The students of Presbyterian College are tasked with upholding PC’s grand motto, dum vivimus servimus. Lacy Feigh, a 2012 graduate of Presbyterian College, is an alumnus who continues to serve while she lives. A current Peace Corps Volunteer in Yirgalem, Ethiopia, Feigh has received a Fulbright Scholarship in Aman, Jordan where she will continue to perpetuate the PC standard of service as well as represent her alma mater and herself in academic excellence.
“One of the many important impacts PC had on my post-graduation life was to instill in me a love of travel and other cultures,” said Feigh.
At PC, Feigh majored in History and Political Science and minored in English and Chinese Studies, graduating as the Outstanding Senior in both of her major areas. After her freshman year, she participated in a China maymester through the Chinese Studies program.
“This taste of international travel combined with a Middle Eastern History course really propelled me to study abroad at the American University in Cairo during the fall of my junior year, a formative experience which really challenged some of my preconceived notions,” she said.
During a PC-sponsored trip to Gizhou, China, Feigh met a Peace Corp Volunteer teaching at the university. According to Feigh, this is when Peace Corps first “entered her radar.”
“His stories really stuck with me, and after studying abroad in Egypt I knew I was ready for a longer, more meaningful experience. Dr. Campbell and other professors really pushed me to consider Peace Corps, combining my service experience with PC with my love for other cultures. I applied for Peace Corps the summer before my senior year, received an invitation to serve in Ethiopia, and left with fellow Blue Hose, Amanada Sutker, three weeks after our graduation to begin our pre-service training,” said Feigh.
Besides a passion for international travel and culture, Feigh credits her experience at PC with giving her service experience valuable to her future as a Peace Corps Volunteer.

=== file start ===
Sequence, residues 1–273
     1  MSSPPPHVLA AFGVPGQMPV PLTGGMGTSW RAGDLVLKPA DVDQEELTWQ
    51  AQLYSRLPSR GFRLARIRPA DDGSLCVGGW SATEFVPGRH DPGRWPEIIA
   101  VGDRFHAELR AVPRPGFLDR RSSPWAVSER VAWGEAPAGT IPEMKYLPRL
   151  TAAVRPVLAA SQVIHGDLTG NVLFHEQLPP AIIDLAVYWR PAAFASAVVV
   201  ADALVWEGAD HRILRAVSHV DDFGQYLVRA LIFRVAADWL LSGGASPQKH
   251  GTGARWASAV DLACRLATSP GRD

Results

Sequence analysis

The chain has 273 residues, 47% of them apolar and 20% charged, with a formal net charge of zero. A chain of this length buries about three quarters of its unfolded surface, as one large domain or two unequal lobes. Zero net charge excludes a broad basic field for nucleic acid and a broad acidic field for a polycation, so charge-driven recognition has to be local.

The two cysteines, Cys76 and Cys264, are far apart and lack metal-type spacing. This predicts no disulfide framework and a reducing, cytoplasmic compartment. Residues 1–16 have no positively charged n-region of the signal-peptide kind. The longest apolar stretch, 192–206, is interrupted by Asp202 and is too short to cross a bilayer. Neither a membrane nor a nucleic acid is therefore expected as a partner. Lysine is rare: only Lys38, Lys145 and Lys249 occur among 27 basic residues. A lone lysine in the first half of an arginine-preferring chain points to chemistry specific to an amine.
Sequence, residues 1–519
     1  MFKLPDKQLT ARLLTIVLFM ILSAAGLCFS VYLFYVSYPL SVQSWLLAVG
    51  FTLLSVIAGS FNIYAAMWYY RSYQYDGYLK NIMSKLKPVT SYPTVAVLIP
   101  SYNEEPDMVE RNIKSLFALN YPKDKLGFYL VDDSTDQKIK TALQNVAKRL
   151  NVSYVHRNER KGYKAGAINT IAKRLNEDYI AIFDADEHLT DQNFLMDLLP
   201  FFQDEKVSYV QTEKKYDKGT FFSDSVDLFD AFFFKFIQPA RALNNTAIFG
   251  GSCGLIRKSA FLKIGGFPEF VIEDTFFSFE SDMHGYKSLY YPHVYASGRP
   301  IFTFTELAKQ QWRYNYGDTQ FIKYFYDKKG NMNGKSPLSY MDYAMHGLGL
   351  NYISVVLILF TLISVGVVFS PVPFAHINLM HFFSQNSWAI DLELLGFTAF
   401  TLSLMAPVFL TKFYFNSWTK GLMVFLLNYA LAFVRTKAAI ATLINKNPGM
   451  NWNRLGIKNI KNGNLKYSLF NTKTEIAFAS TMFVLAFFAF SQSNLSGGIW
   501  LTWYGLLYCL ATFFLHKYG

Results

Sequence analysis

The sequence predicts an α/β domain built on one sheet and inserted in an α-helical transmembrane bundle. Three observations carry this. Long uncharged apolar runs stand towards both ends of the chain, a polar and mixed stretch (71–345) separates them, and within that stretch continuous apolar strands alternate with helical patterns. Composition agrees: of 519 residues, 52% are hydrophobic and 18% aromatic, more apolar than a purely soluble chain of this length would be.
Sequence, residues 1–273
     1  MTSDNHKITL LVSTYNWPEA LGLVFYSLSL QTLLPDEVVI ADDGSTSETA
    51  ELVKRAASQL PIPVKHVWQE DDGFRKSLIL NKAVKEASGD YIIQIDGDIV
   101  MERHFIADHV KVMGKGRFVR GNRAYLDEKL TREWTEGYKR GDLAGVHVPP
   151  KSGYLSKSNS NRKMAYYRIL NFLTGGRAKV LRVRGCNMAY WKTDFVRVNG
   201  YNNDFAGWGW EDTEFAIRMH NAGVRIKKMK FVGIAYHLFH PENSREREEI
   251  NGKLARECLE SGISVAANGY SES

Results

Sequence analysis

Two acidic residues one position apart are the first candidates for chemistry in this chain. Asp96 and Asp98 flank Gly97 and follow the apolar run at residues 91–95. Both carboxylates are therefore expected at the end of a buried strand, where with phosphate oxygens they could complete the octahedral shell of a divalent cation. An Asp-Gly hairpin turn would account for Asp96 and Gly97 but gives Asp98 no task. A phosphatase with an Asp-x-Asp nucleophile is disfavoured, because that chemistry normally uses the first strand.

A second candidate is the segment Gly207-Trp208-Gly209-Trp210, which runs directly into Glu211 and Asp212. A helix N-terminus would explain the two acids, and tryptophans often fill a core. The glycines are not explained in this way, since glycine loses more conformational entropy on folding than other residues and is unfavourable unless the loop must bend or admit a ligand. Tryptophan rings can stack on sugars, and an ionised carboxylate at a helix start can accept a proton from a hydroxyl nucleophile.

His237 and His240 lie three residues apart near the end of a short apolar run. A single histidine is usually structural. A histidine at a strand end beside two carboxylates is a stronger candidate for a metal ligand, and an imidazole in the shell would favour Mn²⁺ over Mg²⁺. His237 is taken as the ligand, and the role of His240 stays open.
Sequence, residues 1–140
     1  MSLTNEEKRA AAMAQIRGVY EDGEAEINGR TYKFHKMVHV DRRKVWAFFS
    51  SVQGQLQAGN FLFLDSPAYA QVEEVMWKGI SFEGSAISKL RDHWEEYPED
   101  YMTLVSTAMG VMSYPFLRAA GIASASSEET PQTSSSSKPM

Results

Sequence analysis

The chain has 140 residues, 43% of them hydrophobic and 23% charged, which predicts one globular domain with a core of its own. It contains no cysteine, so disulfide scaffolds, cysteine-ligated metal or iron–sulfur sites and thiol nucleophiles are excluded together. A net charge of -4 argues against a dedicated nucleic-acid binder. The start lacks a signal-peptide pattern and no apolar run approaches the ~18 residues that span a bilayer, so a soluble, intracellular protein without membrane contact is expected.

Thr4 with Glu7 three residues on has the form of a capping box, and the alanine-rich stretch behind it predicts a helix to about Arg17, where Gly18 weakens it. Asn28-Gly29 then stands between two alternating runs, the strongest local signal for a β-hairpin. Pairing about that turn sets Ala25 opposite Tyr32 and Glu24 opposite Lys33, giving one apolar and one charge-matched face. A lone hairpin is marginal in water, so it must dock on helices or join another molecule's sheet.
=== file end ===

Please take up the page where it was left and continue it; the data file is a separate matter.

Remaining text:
“As a junior and senior I was a fellow with SVS [Student Volunteer Services]—working mostly with PCV, Project Life, Big Brother/Big Sister, and some other projects—a position I feel helped propel me into this current to years of service with my other PC, the Peace Corps,” she said.
Feigh is now preparing to finish her service as an English Education Volunteer in Ethiopia in June.
“My Peace Corps experience has challenged my beliefs and conceptions of the developing world. The ideals and theories I learned about in my classes at PC have been tested, challenged, strengthened, and weakened. Working at the grassroots level, I am really able to see the joy and challenges that countries face when it comes to development. While I’ve still retained my optimism and hope, the realities on the ground have forced me to become more pragmatic, especially in regards to development work.
“I’m very excited to share my other PC experience with a group of fellow Blue Hose from the Political Science department this coming May. A group of eager Political Science students will be coming to Ethiopia to see the capital city of Africa, Addis Ababa, and my town of Yirgalem where they will participate in a Grassroot Soccer intervention. I am very excited to share my current home for the past two years,” she said.
As her Peace Corps years come to a close, Feigh prepares to begin her Fulbright fellowship in September.
“Fulbright was a fellowship I had contemplated applying for while I was in my final year at PC, but I decided to pursue Peace Corps instead. As I entered my last year of service with Peace Corps, I made contact with Dr. Wiecki of the history department and floated the idea. He and other professors encouraged and supported my decision through the entire process helping me with personal statements and accommodating my odd interview schedule via Skype. After applying for the English Teaching Assistantship to Jordan in October and nearly six months of endless waiting, I was notified that I was accepted to receive the award,” Feigh said.
The Fulbright Scholars Program is a highly competitive academic grant given to scholars with a purpose of international scholarship and community. Highly competitive, the Fulbright English Teaching Assistant Program only awarded 10 assistantships in Jordan out of 67 applicants.
“Being awarded this Fulbright is a great honor which means I will continue to develop English language skills as well as participating in secondary research and projects,” Feigh said. “From September until the following June I will be working in Amman, Jordan to support English teachers and students, as well as improving my Arabic skills. I’m hoping that my time in Jordan with Fulbright will propel me into a graduate program where I can continue my undergraduate work in Political Science and History in the realm of Middle Eastern and African Studies.”
For information about Peace Corps (and Presbyterian students serving), visit http://eekingoutinethiopia.wordpress.com/, where Amanda Sutker, also a 2012 PC graduate and a Peace Corps Volunteer, keeps a blog about her experiences as a PCV in Ethiopia.